He could support a bill, but the democrats don't have much power now ... the republicans would shoot it down just to spite him, besides.. I believe the republicans generally don't support net neutrality anyway.. for the rest of his term, Obama will be pretty much a lame duck president now that republicans have the senate.. he doesn't fit the official definition, but it may as well be that way.. there's no way he will get cooperation now.

    It's all on the FCC to make this decision, one can only hope they listened ...
    Last edited by oneduality; 2014-11-11 at 03:28 PM.

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    Livin' the SPIDEY Life SpiderManAPV's Avatar
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    Quote Originally Posted by oneduality View Post
    He could support a bill, but the democrats don't have much power now ... the republicans would shoot it down just to spite him, besides.. I believe the republicans generally don't support net neutrality anyway.. for the rest of his term, Obama will be pretty much a lame duck president now that republicans have the senate.. he doesn't fit the official definition, but it may as well be that way.. there's no way he will get cooperation now.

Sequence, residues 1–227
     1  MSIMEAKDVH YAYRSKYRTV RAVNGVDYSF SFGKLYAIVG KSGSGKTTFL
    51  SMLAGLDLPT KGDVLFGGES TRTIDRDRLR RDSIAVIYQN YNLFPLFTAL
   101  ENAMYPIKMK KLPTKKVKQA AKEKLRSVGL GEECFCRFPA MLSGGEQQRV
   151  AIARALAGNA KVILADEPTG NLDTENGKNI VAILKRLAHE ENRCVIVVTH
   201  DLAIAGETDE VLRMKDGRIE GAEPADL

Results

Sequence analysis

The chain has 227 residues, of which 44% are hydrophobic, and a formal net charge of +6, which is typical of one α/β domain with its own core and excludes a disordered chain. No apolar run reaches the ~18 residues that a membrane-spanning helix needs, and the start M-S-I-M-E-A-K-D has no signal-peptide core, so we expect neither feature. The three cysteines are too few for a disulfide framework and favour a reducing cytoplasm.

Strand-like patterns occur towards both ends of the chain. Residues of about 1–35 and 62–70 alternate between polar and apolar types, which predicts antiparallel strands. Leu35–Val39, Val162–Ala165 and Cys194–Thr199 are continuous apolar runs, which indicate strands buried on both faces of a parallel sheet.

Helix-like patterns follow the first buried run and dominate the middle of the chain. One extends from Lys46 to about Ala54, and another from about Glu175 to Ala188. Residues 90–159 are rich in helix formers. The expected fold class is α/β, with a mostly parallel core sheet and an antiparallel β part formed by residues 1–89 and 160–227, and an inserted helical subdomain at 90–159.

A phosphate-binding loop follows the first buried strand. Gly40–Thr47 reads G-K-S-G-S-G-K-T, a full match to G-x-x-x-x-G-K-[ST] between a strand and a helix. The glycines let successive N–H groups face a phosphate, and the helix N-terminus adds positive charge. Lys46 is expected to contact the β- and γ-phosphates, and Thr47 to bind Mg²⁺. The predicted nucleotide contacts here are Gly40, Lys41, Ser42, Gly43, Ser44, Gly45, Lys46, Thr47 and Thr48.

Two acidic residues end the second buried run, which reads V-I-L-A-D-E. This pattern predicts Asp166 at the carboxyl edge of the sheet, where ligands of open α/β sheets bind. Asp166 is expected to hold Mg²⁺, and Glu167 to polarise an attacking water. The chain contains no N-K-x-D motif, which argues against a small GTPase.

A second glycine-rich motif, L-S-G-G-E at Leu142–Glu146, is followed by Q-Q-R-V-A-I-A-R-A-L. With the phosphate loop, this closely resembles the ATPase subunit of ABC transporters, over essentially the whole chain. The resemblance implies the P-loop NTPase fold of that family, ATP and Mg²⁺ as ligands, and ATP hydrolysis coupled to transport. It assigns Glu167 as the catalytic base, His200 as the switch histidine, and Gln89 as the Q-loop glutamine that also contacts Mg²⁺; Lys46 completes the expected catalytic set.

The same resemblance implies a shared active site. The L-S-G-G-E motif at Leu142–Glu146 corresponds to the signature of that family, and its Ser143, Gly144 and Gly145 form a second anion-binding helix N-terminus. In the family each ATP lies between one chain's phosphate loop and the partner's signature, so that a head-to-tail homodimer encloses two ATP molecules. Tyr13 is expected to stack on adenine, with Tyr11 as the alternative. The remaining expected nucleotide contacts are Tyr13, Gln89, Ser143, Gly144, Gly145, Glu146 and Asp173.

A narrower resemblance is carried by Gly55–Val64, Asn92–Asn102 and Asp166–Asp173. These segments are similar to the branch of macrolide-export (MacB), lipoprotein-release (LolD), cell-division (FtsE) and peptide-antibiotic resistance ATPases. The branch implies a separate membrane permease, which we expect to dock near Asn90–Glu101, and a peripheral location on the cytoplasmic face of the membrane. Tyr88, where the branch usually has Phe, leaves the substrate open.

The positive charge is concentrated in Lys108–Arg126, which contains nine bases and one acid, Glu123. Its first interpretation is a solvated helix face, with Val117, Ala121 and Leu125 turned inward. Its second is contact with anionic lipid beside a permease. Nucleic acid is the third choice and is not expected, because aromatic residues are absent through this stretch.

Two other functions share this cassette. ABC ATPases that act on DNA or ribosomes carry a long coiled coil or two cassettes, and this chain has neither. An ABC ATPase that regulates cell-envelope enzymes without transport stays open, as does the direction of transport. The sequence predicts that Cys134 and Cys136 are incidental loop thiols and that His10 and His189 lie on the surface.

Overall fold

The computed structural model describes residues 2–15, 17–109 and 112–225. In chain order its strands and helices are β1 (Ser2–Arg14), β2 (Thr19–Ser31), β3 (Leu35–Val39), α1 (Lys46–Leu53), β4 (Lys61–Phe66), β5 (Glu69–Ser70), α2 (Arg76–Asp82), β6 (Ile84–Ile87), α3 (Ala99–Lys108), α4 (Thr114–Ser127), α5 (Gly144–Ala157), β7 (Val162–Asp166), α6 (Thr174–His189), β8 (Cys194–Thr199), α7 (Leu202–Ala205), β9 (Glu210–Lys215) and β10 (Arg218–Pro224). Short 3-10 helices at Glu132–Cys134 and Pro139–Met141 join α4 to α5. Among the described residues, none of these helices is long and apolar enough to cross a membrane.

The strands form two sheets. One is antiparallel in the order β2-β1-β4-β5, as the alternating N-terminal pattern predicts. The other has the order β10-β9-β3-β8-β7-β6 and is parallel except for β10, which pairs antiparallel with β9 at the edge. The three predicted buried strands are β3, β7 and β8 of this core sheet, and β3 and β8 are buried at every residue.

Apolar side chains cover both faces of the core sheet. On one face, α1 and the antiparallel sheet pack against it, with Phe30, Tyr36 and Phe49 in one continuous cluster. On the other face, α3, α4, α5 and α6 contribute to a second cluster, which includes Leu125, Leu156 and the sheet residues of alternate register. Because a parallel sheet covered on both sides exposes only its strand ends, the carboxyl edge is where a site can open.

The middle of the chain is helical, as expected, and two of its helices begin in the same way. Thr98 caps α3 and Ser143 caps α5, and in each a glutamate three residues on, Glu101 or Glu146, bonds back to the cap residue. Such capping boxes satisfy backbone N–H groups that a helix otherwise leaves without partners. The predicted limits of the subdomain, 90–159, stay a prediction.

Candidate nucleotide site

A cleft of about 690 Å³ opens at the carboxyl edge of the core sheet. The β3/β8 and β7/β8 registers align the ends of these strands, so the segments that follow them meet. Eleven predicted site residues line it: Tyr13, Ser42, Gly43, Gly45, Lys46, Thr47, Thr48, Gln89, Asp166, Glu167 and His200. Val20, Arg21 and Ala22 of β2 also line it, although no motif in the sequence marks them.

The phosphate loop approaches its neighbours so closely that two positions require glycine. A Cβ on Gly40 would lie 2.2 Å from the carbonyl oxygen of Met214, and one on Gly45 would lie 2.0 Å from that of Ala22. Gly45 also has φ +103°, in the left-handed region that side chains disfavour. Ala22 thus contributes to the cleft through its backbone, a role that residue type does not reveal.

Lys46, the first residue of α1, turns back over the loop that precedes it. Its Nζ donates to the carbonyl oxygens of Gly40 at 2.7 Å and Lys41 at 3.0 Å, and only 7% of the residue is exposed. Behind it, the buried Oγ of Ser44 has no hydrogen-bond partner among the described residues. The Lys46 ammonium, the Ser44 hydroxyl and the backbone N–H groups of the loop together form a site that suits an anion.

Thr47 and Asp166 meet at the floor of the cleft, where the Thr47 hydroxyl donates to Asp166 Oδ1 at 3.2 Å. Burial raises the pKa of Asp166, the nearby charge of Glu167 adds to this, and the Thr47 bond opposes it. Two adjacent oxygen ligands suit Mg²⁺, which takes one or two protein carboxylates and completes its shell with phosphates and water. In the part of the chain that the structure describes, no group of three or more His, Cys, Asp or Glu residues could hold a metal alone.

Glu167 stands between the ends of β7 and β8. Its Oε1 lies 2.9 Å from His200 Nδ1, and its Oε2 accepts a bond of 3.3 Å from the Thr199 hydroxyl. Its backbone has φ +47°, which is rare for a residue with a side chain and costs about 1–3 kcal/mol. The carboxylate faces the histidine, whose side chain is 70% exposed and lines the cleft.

I'm in the deep south here and virtually everyone wants net neutrality. Obviously that isn't all republicans, but at least down here the vast majority are for it.

    ......beware......
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  8. #8
    Quote Originally Posted by musicelect View Post
    Comcast wasn't blocking or throttling Netflix...
    Of course not! They would never! Neither would Verizon or AT&T. They were simply "managing their network resources" as has become "commonly-accepted practice". But it's curious how the need to "manage networks" instantly goes away once the service provider receives a large pile of cash.

    These ISPs at least need to be transparent. If I know that certain services are going to be throttled, I can make a decision before signing up. If I later discover I have to use a VPN to get useable transfer speeds, somebody has been a little disingenuous...
    Last edited by csglinux; 2014-11-11 at 07:24 PM.